I will take off my shoes, wash my hands and feet, stay quiet, whatever I need to do to be respectful that does not compromise my faith or go against my conviction. I will not bow to an idol. I will not kneel and pray before an idol. I will not burn incense either. Anything you do in a temple has to be with in your convictions & commitment to the Lord. If for some reason you feel very strongly about not taking your shoes off in a temple, don't go to a temple that asks that of you.

Go Prayerfully.
 When going into a temple Zachary and I always try to go prayerfully. We pray for the people we see. I especially pray for the people I see praying and children there. I pray for the people praying that they may know Jesus, someway, somehow, through their prayers. We often pray out loud. The Bible says that where two or more are gathered in my Name, there I will be. I think the Spirit is there, even in the temple. But even with that being said, temples can be very spiritually heavy places, too, so as I mention further down, go prayerfully on guard.

Go Worshipful.
My goodness at some of these places that a temple is located, it is hecka gorgeous. I can totally see why people in the past have thought to put alters there because you look at some of these places and they just shout glory be to God. They're beautiful! When we go to temples, we praise God. When we go into beautiful caves, with idols everywhere, we praise God for the beauty of the caves. Where ever we are, even surrounded by city walls, we praise Him. 

Go with Open Eyes.
When we go into temples, we want to always go with open eyes. I don't want to be distracted by the bursts of color, huge statues or tons of people taking pictures. I don't want to forget that this is a place of worship, spiritually dark and in need of light. I want to remember where I am. I don't want for one minute to view what's before me as strictly cultural or a tourist sight. These places are spiritual and filled with spiritual things. I want to see those things & pray for Jesus to come. 

Go on Guard.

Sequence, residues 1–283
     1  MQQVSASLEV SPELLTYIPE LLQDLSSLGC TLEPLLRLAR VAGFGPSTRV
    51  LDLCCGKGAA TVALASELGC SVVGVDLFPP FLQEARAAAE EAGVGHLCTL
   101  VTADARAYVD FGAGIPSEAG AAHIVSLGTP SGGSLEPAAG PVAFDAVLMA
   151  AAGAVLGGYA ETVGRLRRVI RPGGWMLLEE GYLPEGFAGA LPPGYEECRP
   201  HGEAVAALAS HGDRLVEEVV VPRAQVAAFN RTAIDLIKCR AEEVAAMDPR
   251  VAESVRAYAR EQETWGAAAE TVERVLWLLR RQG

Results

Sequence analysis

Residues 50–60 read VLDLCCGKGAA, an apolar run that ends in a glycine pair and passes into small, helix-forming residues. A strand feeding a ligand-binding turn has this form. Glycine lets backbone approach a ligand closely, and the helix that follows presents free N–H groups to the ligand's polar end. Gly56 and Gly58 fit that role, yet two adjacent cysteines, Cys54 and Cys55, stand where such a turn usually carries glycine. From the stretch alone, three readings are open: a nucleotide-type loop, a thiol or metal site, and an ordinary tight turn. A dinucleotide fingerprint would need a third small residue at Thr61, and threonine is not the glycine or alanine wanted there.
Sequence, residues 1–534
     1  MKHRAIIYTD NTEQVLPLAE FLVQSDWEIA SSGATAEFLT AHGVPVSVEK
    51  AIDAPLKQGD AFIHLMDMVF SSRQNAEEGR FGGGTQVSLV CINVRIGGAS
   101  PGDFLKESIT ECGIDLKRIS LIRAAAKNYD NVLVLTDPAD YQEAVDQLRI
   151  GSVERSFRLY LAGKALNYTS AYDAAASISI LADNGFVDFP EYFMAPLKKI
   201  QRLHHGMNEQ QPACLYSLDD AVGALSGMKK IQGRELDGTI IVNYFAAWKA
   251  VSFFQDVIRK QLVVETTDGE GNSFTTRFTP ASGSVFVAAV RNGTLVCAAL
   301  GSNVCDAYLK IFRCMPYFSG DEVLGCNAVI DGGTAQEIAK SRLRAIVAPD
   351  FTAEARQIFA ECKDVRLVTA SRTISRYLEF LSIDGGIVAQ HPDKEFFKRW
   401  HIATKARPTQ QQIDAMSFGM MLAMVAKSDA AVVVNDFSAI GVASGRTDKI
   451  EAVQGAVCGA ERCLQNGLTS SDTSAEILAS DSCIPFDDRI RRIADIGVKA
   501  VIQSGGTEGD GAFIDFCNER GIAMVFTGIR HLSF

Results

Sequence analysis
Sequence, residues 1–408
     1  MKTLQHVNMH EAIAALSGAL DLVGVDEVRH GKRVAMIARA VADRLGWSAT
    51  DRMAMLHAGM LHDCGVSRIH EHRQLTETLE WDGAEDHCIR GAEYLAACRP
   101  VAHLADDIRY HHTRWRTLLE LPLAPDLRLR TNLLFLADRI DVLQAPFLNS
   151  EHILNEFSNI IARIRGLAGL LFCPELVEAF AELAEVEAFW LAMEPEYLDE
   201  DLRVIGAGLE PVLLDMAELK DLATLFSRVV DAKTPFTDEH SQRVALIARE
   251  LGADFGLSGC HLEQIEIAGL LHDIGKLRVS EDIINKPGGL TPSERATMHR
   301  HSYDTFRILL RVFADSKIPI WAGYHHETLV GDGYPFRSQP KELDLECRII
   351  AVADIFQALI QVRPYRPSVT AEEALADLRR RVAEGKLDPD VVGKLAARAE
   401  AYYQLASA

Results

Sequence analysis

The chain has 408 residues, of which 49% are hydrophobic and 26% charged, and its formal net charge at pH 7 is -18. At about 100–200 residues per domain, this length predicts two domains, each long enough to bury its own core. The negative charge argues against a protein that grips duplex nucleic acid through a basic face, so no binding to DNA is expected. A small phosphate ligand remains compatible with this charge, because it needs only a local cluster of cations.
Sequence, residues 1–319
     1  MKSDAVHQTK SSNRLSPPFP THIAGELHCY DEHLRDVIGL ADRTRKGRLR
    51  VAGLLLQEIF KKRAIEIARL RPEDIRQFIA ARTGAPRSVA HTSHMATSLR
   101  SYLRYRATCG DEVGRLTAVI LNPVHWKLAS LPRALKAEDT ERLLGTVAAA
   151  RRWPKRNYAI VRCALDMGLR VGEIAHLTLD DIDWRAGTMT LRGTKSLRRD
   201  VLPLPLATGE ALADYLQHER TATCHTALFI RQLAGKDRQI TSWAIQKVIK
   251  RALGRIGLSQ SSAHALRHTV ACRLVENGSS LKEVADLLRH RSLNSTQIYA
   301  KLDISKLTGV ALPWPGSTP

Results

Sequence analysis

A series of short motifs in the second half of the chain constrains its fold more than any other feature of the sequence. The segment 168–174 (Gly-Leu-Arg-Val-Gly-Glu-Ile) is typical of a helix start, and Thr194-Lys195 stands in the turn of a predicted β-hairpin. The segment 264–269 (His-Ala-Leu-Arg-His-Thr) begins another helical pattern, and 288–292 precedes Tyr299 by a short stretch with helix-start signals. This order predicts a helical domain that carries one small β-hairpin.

Again, remember that our battle is not against flesh and blood. We are not only flesh but spiritual. There is spiritual warfare going on in those places. Go on guard. Ask the Lord to protect you. To keep your mind fixed on Him. If you are sensitive to spiritual things, temples will probably be really difficult places for you. Remember to be constantly in prayer.

Go, Listening. 
 Always, always, listen to the Spirit inside of you who leads you, whispers to you, gives you wisdom and reminds you of the words of God. There have been times that I have felt sick outside of temples or felt sick when I saw an idol. Those times, I don't care about culture or seeing this sight. I care about following the wisdom God has placed with in me and about following how the Spirit is leading me. I don't have to figure out why I feel that way, I just have to trust that the Spirit is using my body to show me what I shouldn't do and where I shouldn't go. Only God knows why some temples have been okay but other ones have not been. I could speculate about spiritual strong holds or God simply giving me opportunities to practice listening & obeying to Him, but I won't. I'll leave the why with God. I must simply obey. In Chiang Mai, Zachary had spent some time with the Lord one morning and felt very heavy for all the people & alters he saw around him. He spent some time in prayer over people we came in contact with. Later that day we ended up going to Chiang Mai's most famous temple, Doi Sutep. Because Zachary had felt such a heavy spirit earlier that morning, he knew he'd rather stay outside and pray. So, that's what he did while I went in and looked around.
Nothing is worth compromising your conviction, disobeying God, or making yourself feel uncomfortable. Trust me, nothing is worth it. I can think of the most beautiful temples we've seen, with the most beautiful views, and even those were not worth it. Don't worry! You will not miss anything. 
Do you often visit temples? What is it like for you? Do you have any other suggestions? Or any other reasons why visiting a temple is a good thing?

**As a side note, we also don't buy anything from temples that is related to idols or idol worship, small statues, paintings with Buddhist verses, etc. because we are very cautious and careful about what we put in our house. I know for each person there is a different conviction and standard, this is just what we feel strongly about.***